Friday, December 19, 2008

Book Blitz, Part Deux

Get your last-minute book reviews at The Kiddosphere.

The Sub (The Not-So-Random Shelf: Easy Chapter Book)

Days are always topsy-turvy when an unexpected substitute teacher walks into the classroom. Two students decide to take advantage of the substitute, but the situation quickly snowballs against their advantage. This easy chapter book is a fun school story book that carries its message across without browbeating the reader.

Peppe the Lamplighter (The Not-So-Random Shelf: Picture Book)

Peppe the Lamplighter is a moving portrayal of an immigrant family living in turn of the century Little Italy (New York). Peppe is eager to help support his sisters and ill father. When he takes a job as lamplighter, his sisters are proud, but his father is furious, for he wants a better life for his son. Reluctantly, Papa’s continued disapproval discourages Peppe, and one night, he doesn’t light the lights. When Peppe’s sister refuses to come home after work due to her fear of the dark streets, Papa and Peppe realize the importance of his job. This is a gorgeous and sophisticated picture book for elementary children and picture book lovers.

When Sophie Gets Angry--Really, Really, Angry (The Not-So-Random Shelf: Picture Book)

When Sophie Gets Angry is a realistic and humorous look at tantrums. Sophie doesn’t want to share her stuffed gorilla with her sister. When their mother insists that they take turns with the toy and Sophie trips over a toy truck, Sophie bursts like a volcano (you must see the illustrations). As anyone who has spent time with very young children, tantrums can be quite impressive, and Sophie's is no exception. This is a great read aloud, whether or not you have a Sophie in your family (don't we all, at some point in time?).

As the Waltz Was Ending (The Not-So-Random Shelf: Biography)

As the Waltz Was Ending is an intriguing biography focused on a teenage girl’s experience during World War II Vienna. The author became a ballet student with the Vienna State Opera House when she was eight years old. The world of pre-World War II Vienna is described in exquisite detail; a world that sharply ended when the Nazis occupied Vienna. Opera performances continued, as they were deemed vital to Viennese culture. As the war shows no signs of ending, opera performances and the ballet school eventually become a thing of the past. E.M. Butterworth recreates the harsh and demanding life of a ballet student unforgettably (the pointe shoes scene will curl your toes!), as she does the fearful and desperate times during World War II. We also read about her brief involvement with the Hitler Youth, and her mother’s opposition to the group. Ballet fans will find this book a terrific read, as well as those interested in World War II, but readers should know that the author is a survivor of the violence inflicted upon many Austrian and German girls and women immediately after the war. This is briefly described and not dwelled upon, but it is undoubtedly a very sad and disturbing issue. As the Waltz Was Ending is a unique look at Austrian life under the occupation.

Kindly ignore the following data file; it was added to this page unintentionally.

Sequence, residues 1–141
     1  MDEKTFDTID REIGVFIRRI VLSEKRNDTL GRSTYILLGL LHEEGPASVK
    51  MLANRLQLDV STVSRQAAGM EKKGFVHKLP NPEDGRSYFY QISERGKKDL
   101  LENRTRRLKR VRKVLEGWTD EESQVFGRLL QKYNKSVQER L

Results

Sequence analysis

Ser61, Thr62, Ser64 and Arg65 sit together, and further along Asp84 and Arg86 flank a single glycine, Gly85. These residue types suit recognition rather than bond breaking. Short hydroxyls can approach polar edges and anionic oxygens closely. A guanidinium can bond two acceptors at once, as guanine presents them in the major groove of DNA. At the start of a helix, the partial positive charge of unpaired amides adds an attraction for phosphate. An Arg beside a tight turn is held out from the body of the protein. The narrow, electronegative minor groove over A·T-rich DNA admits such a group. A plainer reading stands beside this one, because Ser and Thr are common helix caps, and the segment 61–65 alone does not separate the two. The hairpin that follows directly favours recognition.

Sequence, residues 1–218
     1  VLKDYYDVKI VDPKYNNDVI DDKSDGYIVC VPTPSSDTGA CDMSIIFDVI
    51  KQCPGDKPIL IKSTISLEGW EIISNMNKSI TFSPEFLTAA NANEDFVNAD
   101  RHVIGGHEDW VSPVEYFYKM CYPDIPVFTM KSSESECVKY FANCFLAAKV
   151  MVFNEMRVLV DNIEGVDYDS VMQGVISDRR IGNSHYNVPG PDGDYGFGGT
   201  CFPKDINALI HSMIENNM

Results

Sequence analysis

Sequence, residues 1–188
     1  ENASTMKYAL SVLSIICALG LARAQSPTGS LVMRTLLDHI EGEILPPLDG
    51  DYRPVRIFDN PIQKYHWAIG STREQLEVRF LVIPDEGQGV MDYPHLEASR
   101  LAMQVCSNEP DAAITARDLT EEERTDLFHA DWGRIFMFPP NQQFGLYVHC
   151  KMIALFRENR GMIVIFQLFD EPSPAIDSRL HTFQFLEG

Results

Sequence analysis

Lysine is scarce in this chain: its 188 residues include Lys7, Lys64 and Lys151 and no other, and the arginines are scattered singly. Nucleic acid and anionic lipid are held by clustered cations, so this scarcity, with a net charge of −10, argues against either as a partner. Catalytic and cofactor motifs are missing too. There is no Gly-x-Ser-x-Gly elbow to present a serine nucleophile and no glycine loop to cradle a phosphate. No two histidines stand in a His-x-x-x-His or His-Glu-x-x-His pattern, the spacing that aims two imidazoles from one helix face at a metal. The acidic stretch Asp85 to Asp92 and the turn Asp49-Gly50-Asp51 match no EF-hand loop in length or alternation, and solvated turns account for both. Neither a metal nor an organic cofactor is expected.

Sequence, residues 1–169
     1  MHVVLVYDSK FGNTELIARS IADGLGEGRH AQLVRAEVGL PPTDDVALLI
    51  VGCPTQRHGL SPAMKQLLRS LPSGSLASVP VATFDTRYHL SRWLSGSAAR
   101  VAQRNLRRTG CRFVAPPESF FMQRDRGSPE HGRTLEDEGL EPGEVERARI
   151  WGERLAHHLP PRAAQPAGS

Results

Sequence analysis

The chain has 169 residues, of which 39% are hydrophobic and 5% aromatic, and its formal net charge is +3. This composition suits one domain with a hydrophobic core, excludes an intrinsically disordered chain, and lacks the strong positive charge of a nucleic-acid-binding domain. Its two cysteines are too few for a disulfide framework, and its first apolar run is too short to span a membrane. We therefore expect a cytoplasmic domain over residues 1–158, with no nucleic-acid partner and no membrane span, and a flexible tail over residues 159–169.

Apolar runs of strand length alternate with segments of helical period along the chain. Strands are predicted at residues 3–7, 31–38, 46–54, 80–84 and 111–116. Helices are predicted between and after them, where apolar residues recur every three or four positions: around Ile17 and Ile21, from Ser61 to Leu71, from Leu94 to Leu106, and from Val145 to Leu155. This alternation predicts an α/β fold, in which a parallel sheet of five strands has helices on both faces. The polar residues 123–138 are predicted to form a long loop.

Scrambled Eggs at Midnight (The Not-So-Random Shelf: Young Adult Fiction)

If you’re looking for a light YA romance to read, you can’t go wrong with Scrambled Eggs at Midnight. Calliope and her mother traipse from Renaissance Faire to Renaissance Faire, selling her mother’s jewelry. Calliope is so over their nomadic granola lifestyle and is eager to settle in one place. Eliot, on the other hand, leads a life that’s completely opposite of Calliope; his parents run a Christian weight loss camp for teens. Despite their differences, they quickly fall in love. When Calliope’s mother is ready to move on (yet again), they are faced with permanent separation.

Blurbs on the back of books occasionally drive me nuts. One such blurb on the back cover of Scrambled Eggs at Midnight compared the book to Romeo and Juliet, but with a happy ending. That’s stretching it a little bit (it’s not nearly as dramatic or romantic as Romeo and Juliet; I understand that the reviewer wasn't comparing the writing of the two, but the sentiment. It's still a stretch.). There are some funny jabs at Renaissance Faire folks and merchandising of Christian products, which manage to be funny without being cruel. This a light and enjoyable young adult read.

I'll throw more reviews at you tomorrow.

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